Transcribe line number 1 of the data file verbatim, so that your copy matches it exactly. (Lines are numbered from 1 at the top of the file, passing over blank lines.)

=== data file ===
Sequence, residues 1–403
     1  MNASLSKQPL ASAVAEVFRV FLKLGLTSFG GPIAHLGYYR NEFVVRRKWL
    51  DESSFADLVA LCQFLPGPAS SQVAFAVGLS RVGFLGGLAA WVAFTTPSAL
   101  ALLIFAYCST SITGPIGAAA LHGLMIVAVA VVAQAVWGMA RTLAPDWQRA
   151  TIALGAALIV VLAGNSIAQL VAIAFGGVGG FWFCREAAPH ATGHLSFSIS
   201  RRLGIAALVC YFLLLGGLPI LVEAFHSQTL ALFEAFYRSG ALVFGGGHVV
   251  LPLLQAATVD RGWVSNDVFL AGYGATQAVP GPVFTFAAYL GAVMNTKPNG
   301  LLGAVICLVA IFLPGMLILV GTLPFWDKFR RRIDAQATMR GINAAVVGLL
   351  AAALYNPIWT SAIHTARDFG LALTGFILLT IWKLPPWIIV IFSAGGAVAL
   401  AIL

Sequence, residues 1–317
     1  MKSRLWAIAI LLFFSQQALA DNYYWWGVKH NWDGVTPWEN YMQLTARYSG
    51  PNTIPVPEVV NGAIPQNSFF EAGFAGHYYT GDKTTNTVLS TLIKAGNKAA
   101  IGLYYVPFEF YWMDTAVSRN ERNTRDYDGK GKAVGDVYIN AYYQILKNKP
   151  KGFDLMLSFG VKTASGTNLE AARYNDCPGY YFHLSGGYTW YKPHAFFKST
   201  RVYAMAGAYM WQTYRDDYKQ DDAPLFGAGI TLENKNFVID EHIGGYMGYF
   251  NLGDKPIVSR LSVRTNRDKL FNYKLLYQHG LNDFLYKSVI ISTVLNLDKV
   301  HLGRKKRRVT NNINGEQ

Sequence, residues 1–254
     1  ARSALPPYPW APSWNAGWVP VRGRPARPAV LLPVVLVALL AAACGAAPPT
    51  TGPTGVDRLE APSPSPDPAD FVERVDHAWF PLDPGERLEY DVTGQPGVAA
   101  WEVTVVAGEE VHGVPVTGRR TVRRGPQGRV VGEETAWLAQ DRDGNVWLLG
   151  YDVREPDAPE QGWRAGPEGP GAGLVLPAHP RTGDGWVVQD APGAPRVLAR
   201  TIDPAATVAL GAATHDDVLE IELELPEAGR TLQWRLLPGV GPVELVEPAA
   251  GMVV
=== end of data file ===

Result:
Sequence, residues 1–403